Category: Gastroenterology

GI Bleed

One of the most dangerous complaints in all of Emergency Medicine is the GI Bleed. Especially upper GI bleeds when patients are complaining of coffee ground emesis or black sticky poop. This week we will discuss the overall approach to anybody who comes in with a GI bleed.

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Ziebell CM, Kitlowski A, Welch JM, Friesen PA. Upper Gastrointestinal Bleeding. In: Tintinalli JE, Stapczynski J, Ma O, Yealy DM, Meckler GD, Cline DM. eds. Tintinalli’s Emergency Medicine: A Comprehensive Study Guide, 8e New York, NY: McGraw-Hill; 2016.

Lo BM. Lower Gastrointestinal Bleeding. In: Tintinalli JE, Stapczynski J, Ma O, Yealy Yealy DM, Meckler GD, Cline DM. eds. Tintinalli’s Emergency Medicine: A Comprehensive Study Guide, 8e New York, NY: McGraw-Hill; 2016. http://accessemergencymedicine.mhmedical.com/content.aspx?bookid=1658&sectionid=109430249. Accessed July 13, 2017.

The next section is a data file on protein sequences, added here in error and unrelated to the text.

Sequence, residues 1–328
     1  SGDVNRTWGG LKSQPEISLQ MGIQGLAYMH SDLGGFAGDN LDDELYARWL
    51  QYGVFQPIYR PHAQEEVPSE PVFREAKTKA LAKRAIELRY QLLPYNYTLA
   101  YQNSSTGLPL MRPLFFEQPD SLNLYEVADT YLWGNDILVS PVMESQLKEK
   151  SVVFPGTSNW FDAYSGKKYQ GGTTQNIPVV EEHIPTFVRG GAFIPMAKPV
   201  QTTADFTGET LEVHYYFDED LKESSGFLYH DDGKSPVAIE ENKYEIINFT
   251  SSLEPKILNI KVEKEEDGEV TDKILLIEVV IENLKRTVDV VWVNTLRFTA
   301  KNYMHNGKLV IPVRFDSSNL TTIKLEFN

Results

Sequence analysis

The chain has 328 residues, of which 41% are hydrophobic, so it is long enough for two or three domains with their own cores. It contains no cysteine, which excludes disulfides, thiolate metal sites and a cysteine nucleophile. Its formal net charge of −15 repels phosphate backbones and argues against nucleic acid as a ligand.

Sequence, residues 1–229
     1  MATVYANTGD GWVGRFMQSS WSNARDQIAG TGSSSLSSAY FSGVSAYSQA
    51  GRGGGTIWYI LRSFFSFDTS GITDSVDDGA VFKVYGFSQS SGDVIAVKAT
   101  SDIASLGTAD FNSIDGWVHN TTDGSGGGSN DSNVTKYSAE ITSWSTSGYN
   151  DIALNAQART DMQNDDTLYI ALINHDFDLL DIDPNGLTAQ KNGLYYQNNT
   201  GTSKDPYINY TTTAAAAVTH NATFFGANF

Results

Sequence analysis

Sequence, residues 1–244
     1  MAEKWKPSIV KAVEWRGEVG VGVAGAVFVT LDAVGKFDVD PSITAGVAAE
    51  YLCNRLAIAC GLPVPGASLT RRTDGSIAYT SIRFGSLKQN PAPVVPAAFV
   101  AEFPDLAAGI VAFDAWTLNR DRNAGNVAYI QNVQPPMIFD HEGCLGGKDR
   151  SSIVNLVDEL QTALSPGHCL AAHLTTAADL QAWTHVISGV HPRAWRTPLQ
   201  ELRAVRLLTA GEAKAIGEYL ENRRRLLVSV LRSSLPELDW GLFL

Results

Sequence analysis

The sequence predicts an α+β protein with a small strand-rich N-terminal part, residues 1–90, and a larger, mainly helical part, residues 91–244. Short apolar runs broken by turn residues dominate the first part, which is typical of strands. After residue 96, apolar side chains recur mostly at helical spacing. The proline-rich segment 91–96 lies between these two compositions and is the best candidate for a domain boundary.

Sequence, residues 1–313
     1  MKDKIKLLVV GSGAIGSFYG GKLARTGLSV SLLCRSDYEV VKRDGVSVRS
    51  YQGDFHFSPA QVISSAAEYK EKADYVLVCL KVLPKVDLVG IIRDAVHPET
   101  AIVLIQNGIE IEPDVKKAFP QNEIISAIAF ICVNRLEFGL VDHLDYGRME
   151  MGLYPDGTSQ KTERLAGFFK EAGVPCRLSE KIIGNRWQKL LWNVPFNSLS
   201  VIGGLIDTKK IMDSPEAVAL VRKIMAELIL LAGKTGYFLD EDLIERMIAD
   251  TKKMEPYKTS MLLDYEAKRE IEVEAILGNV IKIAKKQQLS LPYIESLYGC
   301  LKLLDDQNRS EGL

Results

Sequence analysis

Constipation

This week we are going to cover a basic approach to the constipated patient with a focus on the possible treatments for constipation.

Abdominal Pain

The most common chief complaint in Emergency Medicine is abdominal pain. Most students already have an understanding of the basic approach to this problem. We know to ask about fevers, palpate the abdomen, and give something for nausea. In this episode we will be discussing an additional 5 steps that tend to be overlooked with this chief complaint as well as some can’t miss items on your differential diagnosis.